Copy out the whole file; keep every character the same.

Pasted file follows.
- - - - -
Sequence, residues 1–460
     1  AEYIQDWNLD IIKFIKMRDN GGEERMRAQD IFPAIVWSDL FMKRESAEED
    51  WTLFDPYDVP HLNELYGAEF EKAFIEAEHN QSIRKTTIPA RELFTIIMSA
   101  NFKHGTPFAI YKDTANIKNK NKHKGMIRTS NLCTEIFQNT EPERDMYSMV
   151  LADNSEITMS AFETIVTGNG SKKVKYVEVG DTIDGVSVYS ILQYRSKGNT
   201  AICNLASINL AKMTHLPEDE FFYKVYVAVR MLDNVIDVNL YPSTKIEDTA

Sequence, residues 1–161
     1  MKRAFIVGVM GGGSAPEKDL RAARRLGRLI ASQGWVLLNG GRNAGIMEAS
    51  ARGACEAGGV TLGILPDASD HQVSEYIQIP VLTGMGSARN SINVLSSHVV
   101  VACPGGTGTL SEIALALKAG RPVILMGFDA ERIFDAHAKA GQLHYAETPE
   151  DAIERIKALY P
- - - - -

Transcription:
Sequence, residues 1–460
     1  AEYIQDWNLD IIKFIKMRDN GGEERMRAQD IFPAIVWSDL FMKRESAEED
    51  WTLFDPYDVP HLNELYGAEF EKAFIEAEHN QSIRKTTIPA RELFTIIMSA
   101  NFKHGTPFAI YKDTANIKNK NKHKGMIRTS NLCTEIFQNT EPERDMYSMV
   151  LADNSEITMS AFETIVTGNG SKKVKYVEVG DTIDGVSVYS ILQYRSKGNT
   201  AICNLASINL AKMTHLPEDE FFYKVYVAVR MLDNVIDVNL YPSTKIEDTA

Sequence, residues 1–161
     1  MKRAFIVGVM GGGSAPEKDL RAARRLGRLI ASQGWVLLNG GRNAGIMEAS
    51  ARGACEAGGV TLGILPDASD HQVSEYIQIP VLTGMGSARN SINVLSSHVV
   101  VACPGGTGTL SEIALALKAG RPVILMGFDA ERIFDAHAKA GQLHYAETPE
   151  DAIERIKALY P